Low-carb diets promote hormonal changes, including a reduction of insulin and increased levels of glucagon. When this happens, phosphoenolpyruvate carboxykinase, fructose 1, 6-biphosphatase, and glucose 6-phosphtase activate, and pyruvate kinase, 6-phosphofructo-1-kinase, and glucokinase are inhibited.1 Yes, that hurt my brain too. All of those fancy enzymes that are activated and inactivated, long story short, favor a process called gluconeogenesis. As for glucagon and insulin, glucagon is a hormone that is typically produced in response to low blood sugar while insulin is a hormone that is produced in response to high blood sugar.
Big Words, Simple Concept
What is gluconeogenesis? Gluconeogenesis is a metabolic process where your body produces glucose for energy. Essentially, it’s reverse glycolysis which we know as normal metabolism in which glucose is broken down to provide energy. If gluconeogenesis is the reverse, then, you guessed it, your body makes glucose in this process.
Get the Facts Straight
Some sources say that a low-carb diet enables gluconeogenesis to essentially waste away your muscles by metabolizing the protein in your muscles for amino acids.2 This doesn’t actually make sense when you take the whole diet into account. When you are on a high-fat/low-carb diet, your body’s metabolism shifts from requiring the use of carbs as an energy source, instead favoring fatty acids. If your body doesn’t want or need glucose anymore, why would it make more of it through gluconeogenesis? Interestingly enough, during a part of your metabolism called the citric acid cycle, a molecule called acetyl CoA formed during the digestion of fatty acids is used. When you increase the rate of mobilization of fatty acids from adipose tissue during low-carb intake, the liver converts this acetyl CoA to ketone bodies.
The liver cannot use these ketone bodies, so they go directly to their targets like your brain for fuel. To keep your brain going, it would need 110-120 grams of glucose per day or 160-200 g of protein per day. If you’re not providing your body the necessary high-fat/protein requirements then issues can arise from a lack of glucose as the muscle tissue would degrade. This is why “low-carb” doesn’t necessarily mean “low-calorie,” but you still lose weight. The keto diet keeps you eating enough to supply all of your body’s needs, it simply changes the metabolic pathway from storing fat (high-carb) to burning fat (low-carb).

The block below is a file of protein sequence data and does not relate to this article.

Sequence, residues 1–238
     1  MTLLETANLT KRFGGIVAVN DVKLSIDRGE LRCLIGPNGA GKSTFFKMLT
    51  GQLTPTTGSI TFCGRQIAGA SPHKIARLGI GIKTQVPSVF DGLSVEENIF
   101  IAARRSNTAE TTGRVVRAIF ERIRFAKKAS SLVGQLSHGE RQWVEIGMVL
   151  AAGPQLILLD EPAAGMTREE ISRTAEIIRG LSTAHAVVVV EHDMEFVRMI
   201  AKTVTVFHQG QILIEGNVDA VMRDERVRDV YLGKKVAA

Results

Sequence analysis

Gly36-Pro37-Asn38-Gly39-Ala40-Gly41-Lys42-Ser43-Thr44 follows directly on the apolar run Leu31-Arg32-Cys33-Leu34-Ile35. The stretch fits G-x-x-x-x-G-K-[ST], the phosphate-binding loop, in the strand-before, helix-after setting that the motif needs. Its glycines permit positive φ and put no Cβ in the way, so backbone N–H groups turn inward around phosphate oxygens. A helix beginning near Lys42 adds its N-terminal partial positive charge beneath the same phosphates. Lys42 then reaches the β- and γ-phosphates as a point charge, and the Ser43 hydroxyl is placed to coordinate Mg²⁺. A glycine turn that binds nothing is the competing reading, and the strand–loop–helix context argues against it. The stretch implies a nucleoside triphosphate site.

Energize With ATP
While we’re at it, let’s take a look at ATP production per substrate. Keeping it simple, ATP is energy for your cells. If we were to compare the amount of ATP produced via 100 grams of glucose, 3-hydroxybutyrate (ketone body), and acetoacetate (ketone body), you’d see that 8.7 kg, 10.5 kg, and 9.4 kg of ATP would be produced, respectively.3 Clearly, you get more bang for your buck with the ketone bodies than glucose. In other words, the low-carb diet provides you with the most efficient metabolism by bypassing inefficient processes like gluconeogenesis or normal glucose metabolism.
The human body is incredible. It has a whole bunch of backup options to keep itself going. The odds that one of these processes is to occur is dependent on what you put into your body. Be efficient. Choose low-carb.
The content on this website should not be taken as medical advice and you should ALWAYS consult with your doctor before starting any diet or exercise program. We provide nutritional data for our recipes as a courtesy to our readers. We use Total Keto Diet app software to calculate the nutrition and we remove fiber and sugar alcohols, like erythritol, from the total carbohydrate count to get to the net carb count, as they do not affect your blood glucose levels. You should independently calculate nutritional information on your own and not rely on our data. The website or content herein is not intended to cure, prevent, diagnose or treat any disease. This website shall not be liable for adverse reactions or any other outcome resulting from the use of recipes or recommendations on the Website or actions you take as a result. Any action you take is strictly at your own risk.
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